Lung cancer breathalyzer to be trialed at UK pharmacies

With lung cancer survival rates greatly improved by early detection, we’ve seen a number of efforts to develop a better way to detect the disease in its early stages. So-called lung cancer breathalyzers are one technology being developed by a…

With lung cancer survival rates greatly improved by early detection, we’ve seen a number of efforts to develop a better way to detect the disease in its early stages. So-called lung cancer breathalyzers are one technology being developed by a number of research teams, including one from the University of Huddersfield in the UK, which plans to trial a breathalyzer device in pharmacies.

The project to develop the device, which is taking place over three years, involves researching a lung cancer “biomarker signature” that is detectable in breath. Previous studies have already shown that carbon-based sensors embedded with gold nanoparticles and even dogs can detect chemicals in the breath indicating the presence of the disease in the lungs.

“When you get certain chemicals in someone’s breath, that can be a sign that there is early malignancy,” says Dr Rachel Airley who developed the project. “We are looking to be able to distinguish between patients with early lung cancer and patients who have maybe got bronchitis, emphysema or non-malignant smoking related disease… or who have maybe just got a cough.”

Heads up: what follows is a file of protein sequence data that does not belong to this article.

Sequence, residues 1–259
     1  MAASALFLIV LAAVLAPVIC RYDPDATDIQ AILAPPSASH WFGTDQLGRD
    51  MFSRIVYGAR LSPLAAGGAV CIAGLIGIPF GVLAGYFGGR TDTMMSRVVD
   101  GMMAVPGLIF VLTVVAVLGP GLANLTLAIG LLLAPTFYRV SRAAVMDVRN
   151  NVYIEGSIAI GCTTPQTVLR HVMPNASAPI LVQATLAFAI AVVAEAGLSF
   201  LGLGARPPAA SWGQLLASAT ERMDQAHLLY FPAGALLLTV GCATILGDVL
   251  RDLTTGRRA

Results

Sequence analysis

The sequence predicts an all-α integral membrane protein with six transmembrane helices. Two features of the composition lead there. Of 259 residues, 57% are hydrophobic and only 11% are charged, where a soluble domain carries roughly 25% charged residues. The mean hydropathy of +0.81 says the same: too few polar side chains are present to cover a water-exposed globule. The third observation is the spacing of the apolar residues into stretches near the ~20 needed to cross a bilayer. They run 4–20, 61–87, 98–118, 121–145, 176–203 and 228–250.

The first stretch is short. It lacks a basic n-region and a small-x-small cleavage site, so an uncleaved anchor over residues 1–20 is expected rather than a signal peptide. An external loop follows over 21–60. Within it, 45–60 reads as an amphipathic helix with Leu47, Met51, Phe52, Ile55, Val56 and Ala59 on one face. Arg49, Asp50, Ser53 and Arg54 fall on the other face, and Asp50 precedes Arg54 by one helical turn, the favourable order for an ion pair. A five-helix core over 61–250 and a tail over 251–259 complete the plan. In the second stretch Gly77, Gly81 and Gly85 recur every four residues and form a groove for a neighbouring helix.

The project has secured £105,000 (US$170,000) in funding from the SG Court Pharmacy Group that operates a chain of pharmacies in the South East of England. It is in these pharmacies that initial trials of the technology will be carried out. The University of Huddersfield has provided matching funding for the project.

The researchers envision that people visiting their local pharmacy for smoking cessation medication or advice will be invited to take a quick test, with the goal of catching the disease before the patients start to experience symptoms. Once symptoms present, the disease is usually at an advanced stage and it is often too late for effective treatment.

“There are 12,000 community pharmacies in Britain and there is a big move for them to get involved in primary diagnostics, because people visit their pharmacies not just when they are ill but when they are well,” says Dr Airley. “A pharmacy is a lot less scary than a doctor’s surgery.”

Source: University of Huddersfield

About the Author

Darren’s love of technology started in primary school with a Nintendo Game & Watch Donkey Kong (still functioning) and a Commodore VIC 20 computer (not still functioning). In high school he upgraded to a 286 PC, and he’s been following Moore’s law ever since. This love of technology continued through a number of university courses and crappy jobs until 2008, when his interests found a home at Gizmag.   All articles by Darren Quick

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